Undersold

Outside Bozeman, Smith River

Undersold

Pogge, Drew
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Don't rush the season.

“There is no such joy in the tavern as upon the road thereto.” —Cormac McCarthy

Spring in Montana is a little like walking into a kitchen where cookies are baking. The smell is arresting, with the unmistakable promise of something delightful, coming soon. It produces physical reactions—crinkling nose, widening smile, whetting appetite—that signal an upwelling of pleasant expectation. It’s a happy surprise every time; cookies and spring confirm the existence of all that is good.

Our reward is warm and moist and just the right hue of golden brown. It’s just what we’ve been craving since the last time (long ago) we felt the sun warm on our chests. In Montana, we crave summer the way desert-dwellers crave rain. It’s life, and change, and possibility; often we’ve planned the entire season before the last snows of May clear the Bridgers. And come spring, a powerful, curling wave swells and grows stronger with time: anticipation.

But we tend to undersell anticipation here. For better or worse, Bozeman is a place that celebrates immediate gratification—the go-big-or-go-home ethos permeates almost everything we do. Skip work to enjoy a spring powder day; have another beer and deal with the trailhead hangover; sell out the places and values we hold most dear to the highest bidder, in the name of progress, profit, and private property.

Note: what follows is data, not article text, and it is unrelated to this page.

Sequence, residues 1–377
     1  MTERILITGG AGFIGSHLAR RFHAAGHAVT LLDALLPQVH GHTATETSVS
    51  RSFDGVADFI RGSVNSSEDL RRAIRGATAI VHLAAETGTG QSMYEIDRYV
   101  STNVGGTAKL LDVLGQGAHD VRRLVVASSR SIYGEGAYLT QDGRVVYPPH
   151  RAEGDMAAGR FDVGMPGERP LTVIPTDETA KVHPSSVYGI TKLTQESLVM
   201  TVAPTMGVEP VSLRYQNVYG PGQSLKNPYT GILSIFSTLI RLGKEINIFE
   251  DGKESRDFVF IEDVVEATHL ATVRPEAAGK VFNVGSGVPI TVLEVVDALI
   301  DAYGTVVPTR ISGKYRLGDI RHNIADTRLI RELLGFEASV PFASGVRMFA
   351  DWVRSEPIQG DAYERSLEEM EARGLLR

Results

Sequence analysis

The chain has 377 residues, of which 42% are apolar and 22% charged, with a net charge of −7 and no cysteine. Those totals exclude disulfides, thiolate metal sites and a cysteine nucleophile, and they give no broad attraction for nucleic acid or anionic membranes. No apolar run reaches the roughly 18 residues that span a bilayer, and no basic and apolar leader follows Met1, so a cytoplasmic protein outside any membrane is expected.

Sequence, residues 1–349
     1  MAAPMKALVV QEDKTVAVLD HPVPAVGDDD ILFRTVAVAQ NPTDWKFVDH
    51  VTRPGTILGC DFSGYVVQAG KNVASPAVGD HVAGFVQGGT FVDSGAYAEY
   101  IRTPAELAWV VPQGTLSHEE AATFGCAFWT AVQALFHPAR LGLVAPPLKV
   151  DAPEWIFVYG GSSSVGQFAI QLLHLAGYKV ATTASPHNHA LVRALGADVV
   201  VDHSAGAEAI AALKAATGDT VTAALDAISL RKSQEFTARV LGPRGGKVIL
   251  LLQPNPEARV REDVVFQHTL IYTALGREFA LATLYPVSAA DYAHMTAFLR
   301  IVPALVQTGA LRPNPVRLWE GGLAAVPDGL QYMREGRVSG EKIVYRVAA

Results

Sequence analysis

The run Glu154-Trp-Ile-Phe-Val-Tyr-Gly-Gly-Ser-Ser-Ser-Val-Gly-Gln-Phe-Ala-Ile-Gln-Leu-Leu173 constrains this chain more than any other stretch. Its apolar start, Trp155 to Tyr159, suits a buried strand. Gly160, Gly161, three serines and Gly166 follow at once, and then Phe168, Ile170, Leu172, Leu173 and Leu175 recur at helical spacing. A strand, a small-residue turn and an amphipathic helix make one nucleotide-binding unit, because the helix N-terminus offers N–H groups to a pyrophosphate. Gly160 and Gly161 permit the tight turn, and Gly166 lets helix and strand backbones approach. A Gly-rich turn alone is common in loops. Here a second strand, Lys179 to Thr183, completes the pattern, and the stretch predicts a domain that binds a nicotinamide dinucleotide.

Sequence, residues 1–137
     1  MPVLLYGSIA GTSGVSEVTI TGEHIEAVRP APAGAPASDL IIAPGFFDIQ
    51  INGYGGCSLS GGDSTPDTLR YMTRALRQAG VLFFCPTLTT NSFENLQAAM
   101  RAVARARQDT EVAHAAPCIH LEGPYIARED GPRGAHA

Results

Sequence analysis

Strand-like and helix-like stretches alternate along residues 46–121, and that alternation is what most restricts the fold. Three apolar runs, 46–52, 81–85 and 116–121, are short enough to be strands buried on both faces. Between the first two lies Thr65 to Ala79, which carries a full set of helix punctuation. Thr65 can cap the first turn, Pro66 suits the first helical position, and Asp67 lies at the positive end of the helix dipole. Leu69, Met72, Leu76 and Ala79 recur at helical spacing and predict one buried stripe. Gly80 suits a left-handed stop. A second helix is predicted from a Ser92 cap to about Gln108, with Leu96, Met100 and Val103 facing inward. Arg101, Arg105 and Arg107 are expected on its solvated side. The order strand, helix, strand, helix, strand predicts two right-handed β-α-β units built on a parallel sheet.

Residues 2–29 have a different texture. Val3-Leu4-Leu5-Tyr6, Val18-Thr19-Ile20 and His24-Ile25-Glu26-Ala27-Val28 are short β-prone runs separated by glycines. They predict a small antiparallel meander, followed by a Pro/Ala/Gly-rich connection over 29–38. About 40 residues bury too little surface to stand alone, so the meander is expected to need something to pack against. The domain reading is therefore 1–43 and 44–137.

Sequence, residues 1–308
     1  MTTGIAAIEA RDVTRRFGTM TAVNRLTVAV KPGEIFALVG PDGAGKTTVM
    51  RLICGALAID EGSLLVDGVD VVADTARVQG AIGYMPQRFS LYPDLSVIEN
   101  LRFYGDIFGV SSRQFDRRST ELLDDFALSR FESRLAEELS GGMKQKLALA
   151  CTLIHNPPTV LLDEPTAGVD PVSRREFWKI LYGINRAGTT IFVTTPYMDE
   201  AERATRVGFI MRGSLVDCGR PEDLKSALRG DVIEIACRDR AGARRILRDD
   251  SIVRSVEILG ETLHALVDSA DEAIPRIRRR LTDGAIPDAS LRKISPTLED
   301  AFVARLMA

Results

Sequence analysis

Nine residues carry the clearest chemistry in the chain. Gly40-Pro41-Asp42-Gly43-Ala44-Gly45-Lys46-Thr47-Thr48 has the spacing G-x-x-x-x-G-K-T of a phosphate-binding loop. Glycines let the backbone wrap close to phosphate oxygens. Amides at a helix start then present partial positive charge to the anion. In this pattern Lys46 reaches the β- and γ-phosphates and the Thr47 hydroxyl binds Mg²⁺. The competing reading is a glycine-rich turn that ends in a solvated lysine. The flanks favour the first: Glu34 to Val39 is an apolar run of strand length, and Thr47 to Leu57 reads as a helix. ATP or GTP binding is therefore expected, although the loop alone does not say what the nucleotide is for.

Patience is a virtue seldom found in Bozeman, and anticipation seems to be an annoyance, rather than an elixir—something to work through as quickly as possible, rather than the rarest happiness, to be savored. We pedal mountain-bike trails while they’re still snow-covered and greasy with mud; run trail races while ski season yet lingers; fish rivers the consistency of milkshakes, knowing that nothing could be biting. We build and pave and develop with an appetite that only grows more impatient and greedy—kick it in the pants, move it along! Spring is in the way of summer—can’t we skip right over anticipation to full-on satisfaction?

But even children learn that nothing good should be rushed. Underbaked cookies are doughy and thin, full of egg yolk and grainy sugar—impatience is the ruin of goodness. It’s better to wait, with expectation growing stronger and more tantalizing with each passing minute. In Montana, our reward is always worth the wait—made better by the ache of anticipation. You can bet I’ll be there this spring, shirtless in the sun, ready to feast on the season. But not quite yet. There’s too much to look forward to, and satisfaction isn’t nearly enough.

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